Re-imagining public safety amid calls to defund police


Webinar focuses on racism, law enforcement and the church

by Darla Carter | Presbyterian News Service

the Rev. Denise Anderson (Photo by Michael Whitman)

LOUISVILLE — Calls to defund the police have grown louder in recent months as demonstrators have taken to the streets to protest police brutality and white supremacy following the deaths of George Floyd and other innocent African Americans.

The Rev. Denise Anderson dove into the topic during a Thursday webinar called “Racism, Law Enforcement, and The Church,” challenging churches to get involved in helping to promote discussions that could lead to meaningful change.

“We can open our doors to community conversations around what public safety could look like in our wildest dreams — in our most just dreams,” said Anderson, coordinator of the Presbyterian Mission Agency’s Office of Racial and Intercultural Justice. “We have the power to create and leverage community relationships to begin shaping that new reality.”

To learn about ways to participate in next week’s Presbyterian Week of Action, click here.

Anderson was one of three Presbyterian Church (U.S.A.) leaders featured on the first day of a two-day Speakman Online Series Webinar offered by the Massanetta Springs Camp and Conference Center, which is affiliated with the PC(USA).

Rounding out the list of guest speakers were the Rev. Dr. Alonzo Johnson, coordinator of the Presbyterian Committee on the Self-Development of People, and the Rev. Dr. Byron Wade, who was recently elected general presbyter of the Presbytery of Western North Carolina. He was vice-moderator of the 218th General Assembly (2008).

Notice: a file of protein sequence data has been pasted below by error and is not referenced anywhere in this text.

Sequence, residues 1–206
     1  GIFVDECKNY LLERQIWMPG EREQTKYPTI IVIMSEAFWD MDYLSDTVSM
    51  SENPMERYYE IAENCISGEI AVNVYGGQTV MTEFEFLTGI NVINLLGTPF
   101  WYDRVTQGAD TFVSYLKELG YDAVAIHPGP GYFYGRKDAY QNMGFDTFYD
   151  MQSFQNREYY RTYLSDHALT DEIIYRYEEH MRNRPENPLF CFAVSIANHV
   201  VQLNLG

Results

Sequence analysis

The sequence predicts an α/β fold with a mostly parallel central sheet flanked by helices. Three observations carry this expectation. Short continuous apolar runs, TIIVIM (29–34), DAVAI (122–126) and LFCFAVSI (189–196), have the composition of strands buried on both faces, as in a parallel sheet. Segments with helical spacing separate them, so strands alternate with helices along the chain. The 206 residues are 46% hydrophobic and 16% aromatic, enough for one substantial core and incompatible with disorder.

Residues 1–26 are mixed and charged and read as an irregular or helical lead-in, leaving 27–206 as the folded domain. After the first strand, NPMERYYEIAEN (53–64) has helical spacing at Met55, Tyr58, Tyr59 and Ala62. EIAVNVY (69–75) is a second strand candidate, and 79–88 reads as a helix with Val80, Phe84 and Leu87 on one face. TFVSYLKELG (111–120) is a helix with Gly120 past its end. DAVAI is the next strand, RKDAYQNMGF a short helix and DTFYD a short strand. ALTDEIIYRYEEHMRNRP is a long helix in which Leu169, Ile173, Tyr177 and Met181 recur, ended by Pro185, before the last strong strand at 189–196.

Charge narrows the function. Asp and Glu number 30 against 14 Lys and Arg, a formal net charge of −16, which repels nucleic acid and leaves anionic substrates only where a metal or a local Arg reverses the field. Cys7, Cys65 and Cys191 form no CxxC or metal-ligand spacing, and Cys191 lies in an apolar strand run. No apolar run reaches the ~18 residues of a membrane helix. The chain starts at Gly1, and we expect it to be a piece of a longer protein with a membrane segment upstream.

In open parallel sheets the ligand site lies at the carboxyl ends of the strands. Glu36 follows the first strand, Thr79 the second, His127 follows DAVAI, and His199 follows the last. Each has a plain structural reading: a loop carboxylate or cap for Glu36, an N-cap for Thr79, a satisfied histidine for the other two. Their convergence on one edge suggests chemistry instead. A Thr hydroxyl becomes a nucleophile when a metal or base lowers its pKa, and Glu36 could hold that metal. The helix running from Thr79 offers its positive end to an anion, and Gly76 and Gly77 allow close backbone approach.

Defunding the police is one of the measures being advocated by some protesters and advocacy groups in various parts of the country who are fed up with treatment of African Americans, who’ve been racially profiled and sometimes killed by police.

The Rev. Dr. Byron Wade speaking during the African American CREDO conference. (Contributed photo)

Wade explained that Black Americans have been terrorized by police and vigilantes for hundreds of years, from the slave patrols of the early 1700s to white supremacist groups. He noted that racism persists in various corners of society, including the church.

“We believe that those who are racist may come from the backwaters,” Wade said. “We may call them different types of names. We may think they’re walking around with hoods on, but they’re just like me and you. They sit next to us in the pews. They’re your bank tellers … They smile at you, but their beliefs are totally different.”

Johnson said African Americans continue to be hampered by racist labels that persist from post-slavery times when free Blacks were considered to be a threat to the white power structure. “There was a lot of anti-Black propaganda created to basically say that Black people were dangerous” and “could not control their impulses.”

the Rev. Dr. Alonzo Johnson (Photo by Rich Copley)

Punctuating his presentation with vintage cartoons, Johnson said, “you need to have conversations about these because if you want to understand stereotyping in our world right now and profiling, this is its origins.”

Today, “we see these tropes in things like ‘thug,’ ‘gangster,’ ‘the angry Black woman,’” he said. “These (stereotypes) have been massaged thoroughly into our culture” to portray African American people and some other minorities as criminals.